EY-AA491_EYCOVE_G_20120914114121Due to anticipated reductions in fuel tax revenues, the state of Oregon has been contemplating changing its tax system for 12 years.  They piloted alternative programs in 2007 and 2013.  Finally, this year, they’re implementing a new experimental program.  It’s referred to as a road usage tax program.  They’ll be the first state in the nation to put such a program to the test.   There was an initial meeting held by the ODOT to get community input and act as an open forum.  Though it had an extremely low attendance, the program has continued to have much criticism, both within the state and nationwide.

The Oregon Department of Transportation is recruiting 5000 volunteer drivers to sign up for the program.  You can log onto their website, www.oregon.gov/odot/pages/index.aspx to find out the details of joining the program.  The program begins on July 1st of this year.

The volunteer drivers will track their mileage, and be charged $0.015 per mile traveled.  The ODOT’s proposed program offers a few options for tracking your mileage.  The first, most controversial and criticized way is to use GPS monitoring.  Many find this to be a blatant governmental invasion of privacy.  The second, less obtrusive way is an odometer reading instrument.  The third, and most likely to be used, way is a mileage journal.  This is the type of data collection that many states have already honored for mileage recording for tax purposes.  You can even purchase such journals in many office supply stores.  The state firmly implies stiff penalties for misrepresentation or false mileage reporting.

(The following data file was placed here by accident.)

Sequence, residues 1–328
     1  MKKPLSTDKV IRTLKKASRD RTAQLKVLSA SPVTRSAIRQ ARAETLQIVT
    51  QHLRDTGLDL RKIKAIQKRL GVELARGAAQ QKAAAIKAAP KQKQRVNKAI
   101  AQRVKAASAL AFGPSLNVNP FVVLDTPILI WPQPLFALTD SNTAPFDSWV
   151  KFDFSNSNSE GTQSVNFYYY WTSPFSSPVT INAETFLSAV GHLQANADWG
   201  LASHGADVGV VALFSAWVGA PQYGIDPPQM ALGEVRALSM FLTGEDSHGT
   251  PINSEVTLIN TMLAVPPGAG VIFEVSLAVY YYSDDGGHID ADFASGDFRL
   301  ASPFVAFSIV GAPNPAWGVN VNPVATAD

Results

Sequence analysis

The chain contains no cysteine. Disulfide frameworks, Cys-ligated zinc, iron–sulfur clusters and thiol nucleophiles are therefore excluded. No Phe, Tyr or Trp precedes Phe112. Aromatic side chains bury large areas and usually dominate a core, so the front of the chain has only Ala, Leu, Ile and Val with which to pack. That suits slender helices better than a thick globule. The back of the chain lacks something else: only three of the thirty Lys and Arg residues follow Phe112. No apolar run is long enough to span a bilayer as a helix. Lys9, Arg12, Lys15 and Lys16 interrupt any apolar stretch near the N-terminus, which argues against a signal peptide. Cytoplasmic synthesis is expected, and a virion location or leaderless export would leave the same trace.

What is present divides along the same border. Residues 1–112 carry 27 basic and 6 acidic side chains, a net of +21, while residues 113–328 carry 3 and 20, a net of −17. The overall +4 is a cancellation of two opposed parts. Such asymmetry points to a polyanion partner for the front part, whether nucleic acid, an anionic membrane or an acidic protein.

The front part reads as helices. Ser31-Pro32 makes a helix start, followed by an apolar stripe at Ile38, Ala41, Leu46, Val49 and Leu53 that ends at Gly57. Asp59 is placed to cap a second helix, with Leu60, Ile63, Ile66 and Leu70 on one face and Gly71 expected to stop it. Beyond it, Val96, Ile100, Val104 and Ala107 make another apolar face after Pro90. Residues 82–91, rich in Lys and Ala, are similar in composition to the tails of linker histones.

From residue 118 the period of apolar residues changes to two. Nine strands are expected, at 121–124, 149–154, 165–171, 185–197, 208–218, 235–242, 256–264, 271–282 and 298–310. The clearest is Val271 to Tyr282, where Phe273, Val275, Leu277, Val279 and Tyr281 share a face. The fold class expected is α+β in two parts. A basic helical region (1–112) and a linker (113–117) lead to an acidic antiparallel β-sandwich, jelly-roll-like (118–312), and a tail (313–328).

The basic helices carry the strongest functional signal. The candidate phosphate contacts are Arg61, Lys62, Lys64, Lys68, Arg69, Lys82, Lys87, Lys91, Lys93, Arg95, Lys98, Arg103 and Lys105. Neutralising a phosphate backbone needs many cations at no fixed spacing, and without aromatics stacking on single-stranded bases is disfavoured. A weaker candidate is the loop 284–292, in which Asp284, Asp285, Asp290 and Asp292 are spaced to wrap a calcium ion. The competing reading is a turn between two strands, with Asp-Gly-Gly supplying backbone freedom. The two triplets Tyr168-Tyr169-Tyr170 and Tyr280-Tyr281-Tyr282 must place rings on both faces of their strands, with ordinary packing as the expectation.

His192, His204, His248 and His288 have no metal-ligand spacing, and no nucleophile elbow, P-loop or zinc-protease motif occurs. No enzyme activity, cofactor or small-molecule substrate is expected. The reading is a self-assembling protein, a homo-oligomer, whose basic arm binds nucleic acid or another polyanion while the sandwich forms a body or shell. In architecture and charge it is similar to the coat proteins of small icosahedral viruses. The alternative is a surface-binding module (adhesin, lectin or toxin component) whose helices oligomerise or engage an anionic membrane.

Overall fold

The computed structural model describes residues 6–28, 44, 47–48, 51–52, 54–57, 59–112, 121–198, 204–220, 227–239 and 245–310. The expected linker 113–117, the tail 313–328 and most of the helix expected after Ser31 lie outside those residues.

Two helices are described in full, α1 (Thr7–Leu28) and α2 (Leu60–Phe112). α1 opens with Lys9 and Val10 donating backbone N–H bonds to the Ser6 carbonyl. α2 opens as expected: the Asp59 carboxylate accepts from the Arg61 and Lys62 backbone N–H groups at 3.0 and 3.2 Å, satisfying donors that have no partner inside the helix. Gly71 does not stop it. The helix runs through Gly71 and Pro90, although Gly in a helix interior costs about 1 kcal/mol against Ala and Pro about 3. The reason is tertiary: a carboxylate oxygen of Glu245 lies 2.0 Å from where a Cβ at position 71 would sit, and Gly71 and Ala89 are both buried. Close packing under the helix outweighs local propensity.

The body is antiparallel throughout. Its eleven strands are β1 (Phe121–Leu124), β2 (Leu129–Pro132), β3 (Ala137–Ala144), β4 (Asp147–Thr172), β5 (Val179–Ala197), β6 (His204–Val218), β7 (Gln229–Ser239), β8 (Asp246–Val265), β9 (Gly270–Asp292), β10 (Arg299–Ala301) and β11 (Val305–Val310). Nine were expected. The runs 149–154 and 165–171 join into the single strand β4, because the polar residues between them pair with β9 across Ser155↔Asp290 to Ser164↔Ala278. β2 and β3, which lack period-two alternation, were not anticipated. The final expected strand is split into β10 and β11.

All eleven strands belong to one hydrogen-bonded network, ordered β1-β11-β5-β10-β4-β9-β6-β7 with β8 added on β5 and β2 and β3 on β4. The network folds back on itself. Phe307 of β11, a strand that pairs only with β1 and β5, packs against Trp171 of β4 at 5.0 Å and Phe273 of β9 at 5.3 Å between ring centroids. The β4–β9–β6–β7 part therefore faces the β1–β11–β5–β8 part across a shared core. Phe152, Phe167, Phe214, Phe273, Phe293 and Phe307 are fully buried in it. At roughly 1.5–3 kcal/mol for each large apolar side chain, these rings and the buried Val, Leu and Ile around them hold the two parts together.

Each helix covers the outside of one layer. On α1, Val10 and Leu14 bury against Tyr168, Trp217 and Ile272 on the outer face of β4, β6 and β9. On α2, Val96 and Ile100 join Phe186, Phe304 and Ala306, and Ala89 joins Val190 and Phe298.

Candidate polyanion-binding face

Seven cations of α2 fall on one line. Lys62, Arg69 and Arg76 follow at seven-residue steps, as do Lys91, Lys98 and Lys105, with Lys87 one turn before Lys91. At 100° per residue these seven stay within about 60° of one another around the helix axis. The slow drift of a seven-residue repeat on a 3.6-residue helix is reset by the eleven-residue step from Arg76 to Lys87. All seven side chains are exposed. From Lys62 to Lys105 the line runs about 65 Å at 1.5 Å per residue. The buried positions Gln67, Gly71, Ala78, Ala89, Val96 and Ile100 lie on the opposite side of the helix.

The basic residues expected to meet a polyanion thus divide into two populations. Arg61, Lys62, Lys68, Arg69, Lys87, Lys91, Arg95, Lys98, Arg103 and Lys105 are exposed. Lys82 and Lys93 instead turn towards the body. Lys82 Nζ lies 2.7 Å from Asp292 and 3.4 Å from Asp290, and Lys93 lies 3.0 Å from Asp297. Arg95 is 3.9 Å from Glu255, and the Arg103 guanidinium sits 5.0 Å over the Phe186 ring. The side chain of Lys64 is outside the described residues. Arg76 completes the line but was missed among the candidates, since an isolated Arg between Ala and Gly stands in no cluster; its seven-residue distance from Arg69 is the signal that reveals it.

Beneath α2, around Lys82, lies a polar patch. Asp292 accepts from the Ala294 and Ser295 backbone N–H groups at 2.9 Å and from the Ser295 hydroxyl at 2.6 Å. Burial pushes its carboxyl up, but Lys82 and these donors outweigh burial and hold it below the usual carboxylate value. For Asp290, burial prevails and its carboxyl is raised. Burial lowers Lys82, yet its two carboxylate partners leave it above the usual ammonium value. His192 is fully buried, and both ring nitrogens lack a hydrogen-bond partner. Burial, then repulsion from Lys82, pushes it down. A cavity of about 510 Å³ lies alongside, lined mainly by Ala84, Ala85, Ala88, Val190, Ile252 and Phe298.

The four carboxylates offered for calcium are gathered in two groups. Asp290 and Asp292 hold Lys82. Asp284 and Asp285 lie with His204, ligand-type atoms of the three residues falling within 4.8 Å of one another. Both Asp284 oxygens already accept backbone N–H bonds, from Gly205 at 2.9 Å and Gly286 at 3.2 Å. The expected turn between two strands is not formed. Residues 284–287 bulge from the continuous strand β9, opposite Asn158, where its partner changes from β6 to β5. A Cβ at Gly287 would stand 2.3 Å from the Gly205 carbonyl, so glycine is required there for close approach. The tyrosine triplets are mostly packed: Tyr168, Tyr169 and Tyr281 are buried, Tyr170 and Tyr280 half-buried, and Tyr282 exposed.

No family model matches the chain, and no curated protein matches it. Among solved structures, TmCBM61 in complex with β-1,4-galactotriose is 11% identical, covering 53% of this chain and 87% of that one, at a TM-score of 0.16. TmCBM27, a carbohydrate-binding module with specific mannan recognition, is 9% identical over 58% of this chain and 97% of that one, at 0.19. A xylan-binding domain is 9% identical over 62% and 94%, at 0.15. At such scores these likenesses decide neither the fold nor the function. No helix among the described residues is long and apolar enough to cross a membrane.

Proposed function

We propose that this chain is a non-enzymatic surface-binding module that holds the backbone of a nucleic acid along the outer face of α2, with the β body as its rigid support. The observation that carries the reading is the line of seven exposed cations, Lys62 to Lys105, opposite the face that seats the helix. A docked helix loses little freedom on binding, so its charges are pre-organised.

The most confusing part of the program has got to be the way the tax collection is proposed.  The driver, having reported mileage, receives a bill from the ODOT.  The driver then pays the bill.  After the tax funds are received, the driver receives a refund check to offset the amount paid in fuel tax, collected at $.30 per gallon.  This process seems complicated and confusing.  It also seems to leave plenty of room for overages and underage galore.  Refreshingly, the state has commissioned a private firm to handle processing of the revenues and rebates.

The program is being called the “OreGo” volunteer program.  The program funds are for roads and bridges as fuel tax revenues are.  To gain an idea of the scope of the need for such a program, the state’s budget for roads and bridge construction since 2013 is 50 billion dollars.  The current fuel tax for last year only brought in 34 billion.  This can be credited to more fuel efficient cars and a state wide rise in the use of public transportation.  It’s not surprising, with such deficits that the state would be the first to implement this new approach.  It is, however, ironic since Oregon was the first state in our nation to implement the gas tax in 1919.

Though being met with resistance and criticism, it must be recognized that Oregon is leading the way in providing for future road works with its citizens’ obvious commitment to environmentally sound transportation practices.